Way to answer the question, pal: (Favorite books, movies, shows, music, and food) “I’ll try anything.. and I’ll have an opinion about it.”
Analysis: In other words, he’s susceptible to peer pressure and will give insufferably long movie reviews unsolicited. Brilliant.
Trains and automobiles?: (The six things I could never do without) “Friends/Family, Restaurants, Bikes, Airplanes, 2 other things.”
Analysis: What’s more asinine — the fact that our subject couldn’t make it to six (and readily implied it), or the fact that he included two modes of transportation among the four(-ish) things he chose to include?
Also, he may think it reveals a refined palate on his part, but listing “restaurants” second — unless you’re a restaurant critic — suggests a certain extravagance. It’s the rich man’s version of the frozen food section, really. It tells us he can’t/won’t cook, and is willing to spend lots of money to have someone else do this for him. Not per se bad, but worth noting.
Hasta la vista, baby: (I spend a lot of time thinking about) “the robot apocalypse.”
Analysis: No you don’t.
What’s the opposite of “IN”?: (On a typical Friday night I am) “OUT”
Analysis: Short, simple, all caps. An assertive, but altogether unclear response. Does our subject mean “out” as in — “hey, honey, I’m going out right now — should be back before midnight, unless something wacky happens at kickball tonight”? Or does he mean “out” as in “I’m going to leave this reality for a while, either via drug-induced coma or a space-time portal I keep in my wardrobe”? Ambiguity is the worst.
Who is Hermes?: (The most private thing I’m willing to admit) “I have tiny vestigial wings on my ankles that allow for brief periods of flight. ..and every Easter they grant one wish to anyone who buys me a Land Rover.”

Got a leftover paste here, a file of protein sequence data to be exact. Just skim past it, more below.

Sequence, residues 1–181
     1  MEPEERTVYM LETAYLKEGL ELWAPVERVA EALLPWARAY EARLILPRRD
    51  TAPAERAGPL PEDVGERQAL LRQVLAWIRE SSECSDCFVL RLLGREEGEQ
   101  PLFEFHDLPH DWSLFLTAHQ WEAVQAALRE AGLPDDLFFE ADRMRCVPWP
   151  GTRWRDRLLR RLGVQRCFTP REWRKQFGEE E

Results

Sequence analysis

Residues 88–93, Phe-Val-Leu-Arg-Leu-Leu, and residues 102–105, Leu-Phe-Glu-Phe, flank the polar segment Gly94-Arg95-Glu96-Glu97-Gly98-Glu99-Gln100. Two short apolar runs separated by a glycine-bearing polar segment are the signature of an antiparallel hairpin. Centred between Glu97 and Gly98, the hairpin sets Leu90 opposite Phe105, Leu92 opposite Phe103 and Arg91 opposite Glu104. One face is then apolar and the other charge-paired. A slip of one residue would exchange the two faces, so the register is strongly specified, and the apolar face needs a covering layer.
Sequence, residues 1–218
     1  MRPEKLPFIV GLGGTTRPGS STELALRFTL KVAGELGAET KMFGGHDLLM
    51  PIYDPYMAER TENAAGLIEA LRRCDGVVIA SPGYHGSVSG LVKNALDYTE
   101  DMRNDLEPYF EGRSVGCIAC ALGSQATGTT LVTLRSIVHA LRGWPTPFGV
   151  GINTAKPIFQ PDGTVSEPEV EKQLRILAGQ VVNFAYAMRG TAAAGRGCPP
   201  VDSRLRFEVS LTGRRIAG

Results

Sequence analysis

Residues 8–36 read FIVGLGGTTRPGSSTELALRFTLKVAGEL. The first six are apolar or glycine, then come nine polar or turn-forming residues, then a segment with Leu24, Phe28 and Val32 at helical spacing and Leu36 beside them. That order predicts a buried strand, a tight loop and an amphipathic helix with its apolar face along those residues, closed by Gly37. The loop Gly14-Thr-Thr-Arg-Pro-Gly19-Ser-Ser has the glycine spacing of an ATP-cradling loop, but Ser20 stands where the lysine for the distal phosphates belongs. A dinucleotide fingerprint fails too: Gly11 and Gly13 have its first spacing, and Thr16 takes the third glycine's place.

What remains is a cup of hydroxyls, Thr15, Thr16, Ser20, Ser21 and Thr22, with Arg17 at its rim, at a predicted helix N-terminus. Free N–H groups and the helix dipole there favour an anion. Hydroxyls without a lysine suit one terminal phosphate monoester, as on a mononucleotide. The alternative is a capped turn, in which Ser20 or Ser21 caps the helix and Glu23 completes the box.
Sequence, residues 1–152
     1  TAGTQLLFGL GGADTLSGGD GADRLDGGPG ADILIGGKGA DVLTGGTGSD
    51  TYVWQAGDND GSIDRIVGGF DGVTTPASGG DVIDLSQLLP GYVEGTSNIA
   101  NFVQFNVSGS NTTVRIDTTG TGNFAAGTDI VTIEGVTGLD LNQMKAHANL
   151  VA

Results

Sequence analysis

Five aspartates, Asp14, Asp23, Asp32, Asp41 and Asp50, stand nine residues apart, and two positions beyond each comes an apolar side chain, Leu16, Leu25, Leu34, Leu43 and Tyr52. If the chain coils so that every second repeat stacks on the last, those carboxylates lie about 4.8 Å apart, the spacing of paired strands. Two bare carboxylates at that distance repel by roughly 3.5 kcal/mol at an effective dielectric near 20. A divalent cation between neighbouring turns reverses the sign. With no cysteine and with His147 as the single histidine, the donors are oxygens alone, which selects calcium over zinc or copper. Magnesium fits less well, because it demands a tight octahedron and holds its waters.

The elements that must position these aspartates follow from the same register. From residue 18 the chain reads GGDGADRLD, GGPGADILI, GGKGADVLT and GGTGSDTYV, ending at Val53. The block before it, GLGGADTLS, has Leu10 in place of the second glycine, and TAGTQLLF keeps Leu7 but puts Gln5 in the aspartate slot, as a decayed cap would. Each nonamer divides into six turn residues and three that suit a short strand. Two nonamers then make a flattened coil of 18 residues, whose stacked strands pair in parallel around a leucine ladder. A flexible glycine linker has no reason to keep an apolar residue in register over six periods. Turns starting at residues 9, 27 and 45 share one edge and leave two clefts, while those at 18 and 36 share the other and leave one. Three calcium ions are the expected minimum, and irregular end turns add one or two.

Analysis: Oh, just shut up already.
And all women just want to be treated like cats: (You should message me if) “If you like the pictures/answers then message me. I’m a gentleman. I’ll make you laugh and treat you like a lady, promise.”
Analysis: It’s great how our subject has to reassure potential suitors that he will treat them like ladies. It’s almost as though people have called him out for not doing that. Not saying it’s a red flag, but… It’s a red flag.
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Final thoughts: Nowhere — except on America’s Got Talent — is playing to one’s strengths more important than in the realm of online dating. However, without adequate self-understanding, it’s impossible to know what those strengths are. This guy thinks he’s funny — no, “hilarious” — yet he’s anything but. He also fails to understand the line between “childlike” and “childish,” his behavior frequently falling into the latter category when he’s probably aiming for the former. If this is what our 99% matches look like, it may be time to search for love somewhere else, such as a hookah bar, or unisex bathroom at a regional airport.